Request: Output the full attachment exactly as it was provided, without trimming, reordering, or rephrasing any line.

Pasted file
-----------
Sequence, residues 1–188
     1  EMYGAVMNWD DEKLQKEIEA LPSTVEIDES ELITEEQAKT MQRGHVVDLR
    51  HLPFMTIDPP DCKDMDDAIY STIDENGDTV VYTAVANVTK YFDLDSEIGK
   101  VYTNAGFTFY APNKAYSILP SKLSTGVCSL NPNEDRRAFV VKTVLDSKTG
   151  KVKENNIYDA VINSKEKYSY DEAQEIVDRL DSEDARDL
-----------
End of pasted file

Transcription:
Sequence, residues 1–188
     1  EMYGAVMNWD DEKLQKEIEA LPSTVEIDES ELITEEQAKT MQRGHVVDLR
    51  HLPFMTIDPP DCKDMDDAIY STIDENGDTV VYTAVANVTK YFDLDSEIGK
   101  VYTNAGFTFY APNKAYSILP SKLSTGVCSL NPNEDRRAFV VKTVLDSKTG
   151  KVKENNIYDA VINSKEKYSY DEAQEIVDRL DSEDARDL